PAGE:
There’s a new kid on the block in New York’s NoLIta neighborhood—the capital of the city’s boutique beauty scene, where Le Labo, Aesop, Space NK, and other cult authorities have set up shop—and its set to change the way we think about makeup and skincare.
Credo, which opened its first outpost on San Francisco’s Fillmore Street last June and its second this spring on Prince Street in Manhattan, is a natural beauty one-stop-shop. Offering everything from $380 face serums to $30 mascaras, all the products on their shelves are free from 23 ingredients, common among most beauty solutions today (think parabens, formaldehyde, and mineral oil), that the brand deems most harmful.
Shashi Batra, Credo’s founder, searched around the world to find more than 100 clean brands that fit the bill. “The movement in natural beauty has been significant outside North America for a while now,” says Batra. “There are many countries that are far more eco-conscious than us, but we are catching up.”
Ahead of the curve, Batra began championing clean beauty in the United States nearly twenty years ago. As the merchandising director at Sephora in 1997, he understood the importance of what we put on our skin and attempted to implement natural cosmetics into the mainstream assortment. “I found myself telling my eldest daughter, who was a teenager when I was at Sephora, to not use any of the products we offered at the store,” he recalls. “Clearly, that was not a solution and I realized we desperately needed clean alternatives.”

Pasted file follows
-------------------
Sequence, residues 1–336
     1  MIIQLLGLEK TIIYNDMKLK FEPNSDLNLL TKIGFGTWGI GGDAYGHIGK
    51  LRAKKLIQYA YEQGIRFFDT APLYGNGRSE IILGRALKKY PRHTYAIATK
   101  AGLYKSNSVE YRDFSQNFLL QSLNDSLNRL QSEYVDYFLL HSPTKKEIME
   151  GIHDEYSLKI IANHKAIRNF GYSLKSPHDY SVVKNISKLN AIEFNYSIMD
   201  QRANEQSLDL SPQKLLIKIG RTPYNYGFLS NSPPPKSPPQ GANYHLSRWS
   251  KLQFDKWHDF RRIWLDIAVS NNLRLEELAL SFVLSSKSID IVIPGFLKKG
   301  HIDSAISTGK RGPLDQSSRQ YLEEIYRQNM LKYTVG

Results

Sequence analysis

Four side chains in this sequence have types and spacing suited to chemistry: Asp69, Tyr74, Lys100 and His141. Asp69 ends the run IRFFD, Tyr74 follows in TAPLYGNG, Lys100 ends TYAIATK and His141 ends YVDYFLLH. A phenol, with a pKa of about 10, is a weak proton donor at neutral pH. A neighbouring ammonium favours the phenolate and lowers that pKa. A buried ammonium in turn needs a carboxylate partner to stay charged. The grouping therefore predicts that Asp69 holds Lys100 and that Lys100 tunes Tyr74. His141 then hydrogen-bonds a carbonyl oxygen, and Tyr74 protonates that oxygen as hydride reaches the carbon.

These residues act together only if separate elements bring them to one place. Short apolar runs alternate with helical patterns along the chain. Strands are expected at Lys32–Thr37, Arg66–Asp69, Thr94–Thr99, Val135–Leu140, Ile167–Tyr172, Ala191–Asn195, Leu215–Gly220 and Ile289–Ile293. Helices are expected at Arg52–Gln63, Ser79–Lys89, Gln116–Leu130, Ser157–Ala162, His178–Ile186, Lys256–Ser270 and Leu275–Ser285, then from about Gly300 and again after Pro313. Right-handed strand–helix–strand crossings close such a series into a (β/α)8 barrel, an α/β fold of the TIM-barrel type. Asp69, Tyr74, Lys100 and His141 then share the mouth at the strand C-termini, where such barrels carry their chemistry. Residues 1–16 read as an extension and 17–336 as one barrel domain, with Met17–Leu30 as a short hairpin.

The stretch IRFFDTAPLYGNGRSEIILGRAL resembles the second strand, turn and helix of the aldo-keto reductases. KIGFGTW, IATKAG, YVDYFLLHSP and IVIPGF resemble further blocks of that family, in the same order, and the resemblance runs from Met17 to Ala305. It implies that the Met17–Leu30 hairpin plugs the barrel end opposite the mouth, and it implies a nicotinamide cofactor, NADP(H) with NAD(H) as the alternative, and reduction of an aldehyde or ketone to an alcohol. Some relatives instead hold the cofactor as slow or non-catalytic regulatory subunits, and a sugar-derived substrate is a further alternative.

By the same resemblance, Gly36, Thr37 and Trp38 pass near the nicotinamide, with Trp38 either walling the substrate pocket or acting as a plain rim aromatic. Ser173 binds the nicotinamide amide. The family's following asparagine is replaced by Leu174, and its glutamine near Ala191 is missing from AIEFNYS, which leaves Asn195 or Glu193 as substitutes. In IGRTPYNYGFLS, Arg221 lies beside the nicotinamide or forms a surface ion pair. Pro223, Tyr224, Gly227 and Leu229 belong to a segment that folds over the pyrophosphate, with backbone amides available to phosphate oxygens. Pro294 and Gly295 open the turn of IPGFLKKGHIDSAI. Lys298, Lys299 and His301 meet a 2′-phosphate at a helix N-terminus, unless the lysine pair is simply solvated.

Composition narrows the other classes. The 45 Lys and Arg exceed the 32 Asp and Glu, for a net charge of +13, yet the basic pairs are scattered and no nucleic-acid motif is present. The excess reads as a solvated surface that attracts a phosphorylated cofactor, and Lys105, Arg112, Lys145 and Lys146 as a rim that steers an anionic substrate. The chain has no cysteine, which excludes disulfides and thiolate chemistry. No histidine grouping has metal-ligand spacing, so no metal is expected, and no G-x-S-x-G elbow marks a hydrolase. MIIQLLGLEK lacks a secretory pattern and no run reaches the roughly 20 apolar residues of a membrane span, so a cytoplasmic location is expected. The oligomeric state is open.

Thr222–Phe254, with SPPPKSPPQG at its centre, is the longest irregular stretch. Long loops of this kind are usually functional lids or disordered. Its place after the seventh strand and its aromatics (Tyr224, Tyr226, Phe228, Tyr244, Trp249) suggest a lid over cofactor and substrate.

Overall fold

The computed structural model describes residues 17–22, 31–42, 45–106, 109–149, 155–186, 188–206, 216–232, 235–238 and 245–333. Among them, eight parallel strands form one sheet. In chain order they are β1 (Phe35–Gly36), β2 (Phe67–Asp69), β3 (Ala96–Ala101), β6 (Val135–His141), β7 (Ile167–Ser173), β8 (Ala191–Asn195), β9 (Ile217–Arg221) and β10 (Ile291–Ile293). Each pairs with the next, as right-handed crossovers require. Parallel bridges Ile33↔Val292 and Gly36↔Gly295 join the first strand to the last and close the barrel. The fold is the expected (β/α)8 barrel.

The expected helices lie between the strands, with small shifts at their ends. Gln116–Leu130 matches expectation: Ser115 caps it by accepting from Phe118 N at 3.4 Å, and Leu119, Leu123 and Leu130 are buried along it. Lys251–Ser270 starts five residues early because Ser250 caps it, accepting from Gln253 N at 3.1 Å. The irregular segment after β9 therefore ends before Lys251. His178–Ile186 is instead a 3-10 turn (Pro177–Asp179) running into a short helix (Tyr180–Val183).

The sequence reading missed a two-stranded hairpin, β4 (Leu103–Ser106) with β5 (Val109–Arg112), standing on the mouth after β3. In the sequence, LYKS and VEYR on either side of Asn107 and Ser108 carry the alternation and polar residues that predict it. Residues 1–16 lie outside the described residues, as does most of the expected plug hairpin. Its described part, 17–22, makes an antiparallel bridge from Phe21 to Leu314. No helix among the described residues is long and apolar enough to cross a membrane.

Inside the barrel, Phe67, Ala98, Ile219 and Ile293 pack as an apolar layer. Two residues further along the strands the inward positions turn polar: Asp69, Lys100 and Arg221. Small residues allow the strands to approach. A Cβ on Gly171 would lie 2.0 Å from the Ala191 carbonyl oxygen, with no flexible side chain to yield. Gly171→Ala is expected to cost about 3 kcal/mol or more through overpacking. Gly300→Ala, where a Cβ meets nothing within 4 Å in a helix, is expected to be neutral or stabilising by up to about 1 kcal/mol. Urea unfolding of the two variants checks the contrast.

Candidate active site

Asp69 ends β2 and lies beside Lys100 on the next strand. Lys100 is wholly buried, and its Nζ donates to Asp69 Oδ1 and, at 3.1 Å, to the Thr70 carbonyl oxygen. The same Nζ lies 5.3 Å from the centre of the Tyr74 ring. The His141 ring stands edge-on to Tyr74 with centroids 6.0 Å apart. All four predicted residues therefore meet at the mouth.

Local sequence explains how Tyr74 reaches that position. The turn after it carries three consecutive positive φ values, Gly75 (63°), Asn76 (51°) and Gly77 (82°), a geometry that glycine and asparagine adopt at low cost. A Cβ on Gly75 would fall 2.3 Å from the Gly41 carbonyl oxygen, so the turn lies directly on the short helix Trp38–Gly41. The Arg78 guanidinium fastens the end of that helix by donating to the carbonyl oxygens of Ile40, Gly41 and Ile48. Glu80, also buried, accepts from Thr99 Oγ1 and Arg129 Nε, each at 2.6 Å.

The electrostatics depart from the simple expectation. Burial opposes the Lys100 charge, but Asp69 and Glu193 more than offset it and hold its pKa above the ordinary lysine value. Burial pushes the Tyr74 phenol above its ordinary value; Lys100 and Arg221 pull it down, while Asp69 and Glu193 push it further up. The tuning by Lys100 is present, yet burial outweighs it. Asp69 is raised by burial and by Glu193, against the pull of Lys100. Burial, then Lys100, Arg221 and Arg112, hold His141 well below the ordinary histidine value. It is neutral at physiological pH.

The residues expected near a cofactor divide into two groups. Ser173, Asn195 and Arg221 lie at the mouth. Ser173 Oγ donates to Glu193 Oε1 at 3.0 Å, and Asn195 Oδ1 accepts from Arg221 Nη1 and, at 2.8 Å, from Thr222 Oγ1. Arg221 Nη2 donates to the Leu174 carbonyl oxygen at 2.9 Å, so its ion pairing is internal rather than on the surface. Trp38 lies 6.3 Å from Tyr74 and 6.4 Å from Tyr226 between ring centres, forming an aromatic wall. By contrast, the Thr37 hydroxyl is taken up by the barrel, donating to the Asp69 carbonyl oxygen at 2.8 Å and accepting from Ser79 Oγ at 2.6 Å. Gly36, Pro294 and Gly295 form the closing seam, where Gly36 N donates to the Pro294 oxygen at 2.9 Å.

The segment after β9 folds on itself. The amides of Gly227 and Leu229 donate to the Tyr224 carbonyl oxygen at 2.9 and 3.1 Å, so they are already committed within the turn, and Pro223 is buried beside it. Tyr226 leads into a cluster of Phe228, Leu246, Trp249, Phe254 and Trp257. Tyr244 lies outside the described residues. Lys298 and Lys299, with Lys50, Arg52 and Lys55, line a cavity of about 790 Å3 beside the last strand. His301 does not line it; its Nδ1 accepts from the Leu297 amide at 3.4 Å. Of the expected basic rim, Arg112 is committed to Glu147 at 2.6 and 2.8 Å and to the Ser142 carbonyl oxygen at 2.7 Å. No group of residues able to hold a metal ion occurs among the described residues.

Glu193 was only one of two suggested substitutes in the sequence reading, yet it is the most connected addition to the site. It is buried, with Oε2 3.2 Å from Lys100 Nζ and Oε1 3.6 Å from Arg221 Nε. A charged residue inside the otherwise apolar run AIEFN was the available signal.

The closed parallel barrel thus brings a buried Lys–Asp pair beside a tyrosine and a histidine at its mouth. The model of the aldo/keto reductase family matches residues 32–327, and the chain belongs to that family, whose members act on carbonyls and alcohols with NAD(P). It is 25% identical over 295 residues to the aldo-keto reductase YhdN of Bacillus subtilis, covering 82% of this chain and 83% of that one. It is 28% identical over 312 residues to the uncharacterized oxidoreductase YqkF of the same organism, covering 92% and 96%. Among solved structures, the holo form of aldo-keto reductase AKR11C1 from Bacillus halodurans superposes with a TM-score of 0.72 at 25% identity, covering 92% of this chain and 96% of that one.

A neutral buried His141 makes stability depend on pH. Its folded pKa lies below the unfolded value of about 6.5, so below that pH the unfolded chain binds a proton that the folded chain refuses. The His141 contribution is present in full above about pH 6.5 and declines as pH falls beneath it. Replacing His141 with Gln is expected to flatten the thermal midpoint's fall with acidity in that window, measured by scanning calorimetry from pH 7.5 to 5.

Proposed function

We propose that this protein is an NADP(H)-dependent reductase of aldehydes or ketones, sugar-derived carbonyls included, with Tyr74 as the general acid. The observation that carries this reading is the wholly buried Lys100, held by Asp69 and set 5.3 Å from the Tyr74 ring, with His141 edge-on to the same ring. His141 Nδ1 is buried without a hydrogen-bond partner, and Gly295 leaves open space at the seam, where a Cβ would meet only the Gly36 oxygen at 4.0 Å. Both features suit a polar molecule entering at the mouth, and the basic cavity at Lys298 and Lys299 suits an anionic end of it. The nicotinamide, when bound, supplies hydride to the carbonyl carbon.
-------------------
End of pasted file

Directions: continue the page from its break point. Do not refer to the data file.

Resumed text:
The products he now curates at Credo aren’t the organic cosmetics you’re used to seeing: Each product’s effectiveness, and importantly, its aesthetic, matches that of any traditional luxury brand.
“Luxury has absolutely made its way into natural beauty,” says Batra. He cites Kjaer Weis, a certified organic cosmetic collection developed by makeup artist Kirsten Kjaer Weis, as the perfect example. “Her products make Chanel look like L’Oreal,” says Batra. “Women are proud to take it out of their handbags and display it on their bathroom shelves. There’s no compromise in performance and you never have to buy the packaging twice, making it more sustainable and less wasteful than other brands.”
The products aren’t the only natural fixtures at the NoLIta store. The 900-square-foot space itself also pays tribute to Credo’s ethos with recycled limestone and wood floors and white-lacquered shelves constructed by carpenters in Brooklyn. Needless to say, the scene is a far cry from the places you’d find natural beauty in the past.
According to clean skincare trailblazer Tata Harper, whose handmade products are sold at both Credo and upscale department stores like Bergdorf Goodman, Credo’s clean, modern setting makes buying natural beauty chic. “There aren’t a lot places like Credo,” says Harper. “Green cosmetics got a bad rap because they were mainly sold at supermarkets and pharmacies where you don’t find the most luxurious products. Now, Credo showcases them in their full splendor.”
Credo is located at 9 Prince St.; 917-675-6041; credobeauty.com.